All Americans are quite familiar with the quote, “Give me liberty or give me death.”  It was Patrick Henry addressing the Virginia Convention on March 23, 1775, at St. John’s Church in Richmond, Virginia.  Apparently the phrase swung the balance in convincing the Virginia House of Burgesses to pass a resolution for the Virginia troops to join the Revolutionary War. Reportedly, those in attendance, upon hearing the speech, followed Henry’s cry of “give me liberty or give me death!”  Maybe March is the time for talk of liberty because it is spring, a time to be footloose and fancy free, we are unbound by the cold and snow and everything seems to be growing wild and unfettered.  As in March 1775, the word liberty has been prominent in the news this week, not in reference to a war but in reference to the Affordable Care Act AKA Obamacare.  An article in The New York Times,  “Appealing to a Justice’s Notion of Liberty” notes that Justice Anthony M. Kennedy will most likely be the swing vote in the decision on whether the Affordable Care Act survives intact or not.  Arguments on both sides are compelling and of course those presenting the arguments are well versed in Justice Kennedy’s penchant for liberty. The following statements from the opposing sides both focus on individual freedoms:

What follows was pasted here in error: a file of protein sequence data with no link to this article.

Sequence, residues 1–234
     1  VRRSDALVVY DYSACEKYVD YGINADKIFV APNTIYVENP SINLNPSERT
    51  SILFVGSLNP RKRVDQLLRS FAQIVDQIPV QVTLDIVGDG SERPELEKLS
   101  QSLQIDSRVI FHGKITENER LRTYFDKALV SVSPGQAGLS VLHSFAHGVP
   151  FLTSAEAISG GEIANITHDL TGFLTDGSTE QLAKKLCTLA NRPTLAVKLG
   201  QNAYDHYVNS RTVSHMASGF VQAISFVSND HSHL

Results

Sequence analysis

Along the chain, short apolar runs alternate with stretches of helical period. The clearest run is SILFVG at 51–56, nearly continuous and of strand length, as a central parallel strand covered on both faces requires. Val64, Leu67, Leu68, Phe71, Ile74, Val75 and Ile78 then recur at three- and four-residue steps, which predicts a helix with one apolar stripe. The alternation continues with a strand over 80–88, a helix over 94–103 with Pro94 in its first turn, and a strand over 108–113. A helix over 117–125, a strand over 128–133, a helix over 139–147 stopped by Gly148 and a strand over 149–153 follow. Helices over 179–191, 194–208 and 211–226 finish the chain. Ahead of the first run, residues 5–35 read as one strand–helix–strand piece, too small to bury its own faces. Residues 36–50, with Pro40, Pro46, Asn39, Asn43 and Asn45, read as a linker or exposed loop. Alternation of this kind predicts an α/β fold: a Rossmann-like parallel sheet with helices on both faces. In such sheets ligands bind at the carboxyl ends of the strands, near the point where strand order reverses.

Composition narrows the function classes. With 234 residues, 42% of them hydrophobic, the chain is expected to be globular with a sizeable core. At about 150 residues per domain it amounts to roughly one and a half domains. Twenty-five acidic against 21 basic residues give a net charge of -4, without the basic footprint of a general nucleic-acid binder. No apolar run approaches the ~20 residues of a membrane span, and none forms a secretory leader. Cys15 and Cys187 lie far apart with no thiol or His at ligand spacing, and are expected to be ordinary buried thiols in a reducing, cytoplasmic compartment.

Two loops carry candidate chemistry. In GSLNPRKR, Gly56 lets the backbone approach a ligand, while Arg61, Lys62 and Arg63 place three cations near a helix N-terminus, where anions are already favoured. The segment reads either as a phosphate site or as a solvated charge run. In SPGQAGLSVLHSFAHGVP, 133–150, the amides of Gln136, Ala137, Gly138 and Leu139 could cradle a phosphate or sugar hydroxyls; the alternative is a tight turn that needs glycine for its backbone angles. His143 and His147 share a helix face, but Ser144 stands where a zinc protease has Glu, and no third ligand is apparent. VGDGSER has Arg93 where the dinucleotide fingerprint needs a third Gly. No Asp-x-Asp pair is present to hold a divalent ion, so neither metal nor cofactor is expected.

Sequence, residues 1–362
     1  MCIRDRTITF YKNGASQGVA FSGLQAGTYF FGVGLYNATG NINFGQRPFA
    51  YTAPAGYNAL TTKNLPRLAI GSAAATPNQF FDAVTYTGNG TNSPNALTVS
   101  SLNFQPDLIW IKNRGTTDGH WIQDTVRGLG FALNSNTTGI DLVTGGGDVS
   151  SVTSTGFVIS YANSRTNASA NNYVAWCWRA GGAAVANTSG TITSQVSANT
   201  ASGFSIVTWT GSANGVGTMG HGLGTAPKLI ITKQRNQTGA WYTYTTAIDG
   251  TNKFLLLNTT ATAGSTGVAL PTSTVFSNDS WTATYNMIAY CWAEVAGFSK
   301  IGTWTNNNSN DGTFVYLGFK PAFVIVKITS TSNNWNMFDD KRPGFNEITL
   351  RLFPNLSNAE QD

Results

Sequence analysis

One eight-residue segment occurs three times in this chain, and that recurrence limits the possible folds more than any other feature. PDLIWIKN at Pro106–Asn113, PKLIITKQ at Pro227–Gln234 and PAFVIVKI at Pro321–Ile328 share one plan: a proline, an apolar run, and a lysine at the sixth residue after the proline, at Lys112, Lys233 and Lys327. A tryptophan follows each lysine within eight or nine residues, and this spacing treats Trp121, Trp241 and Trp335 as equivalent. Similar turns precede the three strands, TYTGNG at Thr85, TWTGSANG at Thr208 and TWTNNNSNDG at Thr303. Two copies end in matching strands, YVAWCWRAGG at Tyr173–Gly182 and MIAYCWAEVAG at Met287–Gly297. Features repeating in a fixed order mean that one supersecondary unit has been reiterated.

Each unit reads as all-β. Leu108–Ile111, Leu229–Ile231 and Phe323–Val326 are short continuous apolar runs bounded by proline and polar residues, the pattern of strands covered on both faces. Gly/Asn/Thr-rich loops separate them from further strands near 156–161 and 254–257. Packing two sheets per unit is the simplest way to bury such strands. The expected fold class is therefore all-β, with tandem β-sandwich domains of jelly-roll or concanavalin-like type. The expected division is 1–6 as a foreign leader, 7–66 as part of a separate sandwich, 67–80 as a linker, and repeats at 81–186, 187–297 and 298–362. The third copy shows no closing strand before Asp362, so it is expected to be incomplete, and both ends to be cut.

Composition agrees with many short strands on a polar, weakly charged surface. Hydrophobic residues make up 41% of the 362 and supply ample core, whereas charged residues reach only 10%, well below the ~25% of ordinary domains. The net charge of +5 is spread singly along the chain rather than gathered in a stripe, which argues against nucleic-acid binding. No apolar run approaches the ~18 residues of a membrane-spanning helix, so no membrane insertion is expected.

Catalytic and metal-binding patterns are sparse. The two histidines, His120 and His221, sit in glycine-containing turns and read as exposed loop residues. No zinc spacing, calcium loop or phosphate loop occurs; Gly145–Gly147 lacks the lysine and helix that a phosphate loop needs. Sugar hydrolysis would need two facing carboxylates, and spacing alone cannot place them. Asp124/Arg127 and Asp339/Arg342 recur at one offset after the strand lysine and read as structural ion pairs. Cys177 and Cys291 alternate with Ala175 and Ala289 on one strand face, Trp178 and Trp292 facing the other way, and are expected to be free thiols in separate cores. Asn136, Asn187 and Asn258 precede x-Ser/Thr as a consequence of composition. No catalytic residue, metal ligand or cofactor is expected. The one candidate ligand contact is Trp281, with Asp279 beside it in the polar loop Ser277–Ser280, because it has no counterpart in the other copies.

Pro-Health Accountable Care Act:

“There will be millions of people with chronic conditions like diabetes and heart disease,” he said, “and as a result of the health care that they will get, they will be unshackled from the disabilities that those diseases put on them and have the opportunity to enjoy the blessings of liberty.”

Anti-Accountable Care Act:

Paul Clement, representing 26 states challenging the law, had a comeback.

“I would respectfully suggest,” he said, “that it’s a very funny conception of liberty that forces somebody to purchase an insurance policy whether they want it or not.”